SAM THE BUTCHER contemporary art

Artist Statement

SERGIO LOBATO :: COLLECTION

Abattoir - An Exploration of Meat through Painting

I’m a self-taught artist and have made my living since high school as a professional illustrator, digital artist, and art director in the entertainment industry. I never attended any art or trade school, but I’ve painted on and off all my life and, during the past seven years, have committed myself seriously to this work.

My latest body of work, Abattoir, is an exploration of meat through painting. In the tradition of Chaim Soutine and more recently, Jenny Saville and Victoria Reynolds, the theme of meat has become for me, a gentle madness. Years ago, my wife traveled to Istanbul on a business trip and brought back amazing photos of the Turkish open markets with hanging meat in the butcher shops. I was hooked. Ever since then, this theme has dominated my palette. For me, the obvious sensual beauty of meat is a worthy subject of tactile and linear observation and my hope is that my work directs - in both bold and subtle ways - the way we perceive beauty and ugliness, violence and culture.

Most recently, I wanted to paint a really large canvas of a carcass where the gestures and scale of the work would echo Rembrandt’s slaughtered ox or Soutine’s vibrant bloody bovine series and I set out to get my own lovely cow – something that wasn’t as easy as it sounds. Luckily, I had the good fortune to meet and work with Mike Gale, the owner of the Chileno Valley Ranch in Petaluma, CA. He invited me to view and photograph two cows that were being butchered in an open field. Until that point, most of my paintings were set in refrigerated slaughterhouses and the contrast of settings was therefore very striking. It was a beautiful spring morning and the light cast a warm glow on the scene. The flesh contrasted with the grass and the sky and it was thrilling to see the carcasses being prepared in the open field. I remember being so captivated that I had to keep reminding myself to take pictures. The colors were so saturated that it gave me more of a feeling that my connection with my subject was a more complete and visceral one. Later, I painted Dreaming of SaVille, an 8 ft. by 5 ft. painting from this scene. I wish I could have painted on an even larger canvas, but I was constrained by the size of my work space.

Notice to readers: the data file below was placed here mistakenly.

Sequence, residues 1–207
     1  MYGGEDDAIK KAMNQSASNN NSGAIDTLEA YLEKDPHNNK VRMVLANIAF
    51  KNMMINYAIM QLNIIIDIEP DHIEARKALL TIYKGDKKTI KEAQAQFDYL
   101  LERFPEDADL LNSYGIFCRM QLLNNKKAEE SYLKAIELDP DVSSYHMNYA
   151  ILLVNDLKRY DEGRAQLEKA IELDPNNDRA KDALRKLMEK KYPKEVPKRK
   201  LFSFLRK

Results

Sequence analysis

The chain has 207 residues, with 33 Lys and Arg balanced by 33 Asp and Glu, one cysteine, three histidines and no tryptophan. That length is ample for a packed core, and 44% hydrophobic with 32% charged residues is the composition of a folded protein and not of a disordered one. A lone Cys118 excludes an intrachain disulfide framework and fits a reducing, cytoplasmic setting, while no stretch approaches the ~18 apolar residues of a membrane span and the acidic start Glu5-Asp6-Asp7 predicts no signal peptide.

-Artist portrait - Photo Credit: Photo by Max Lobato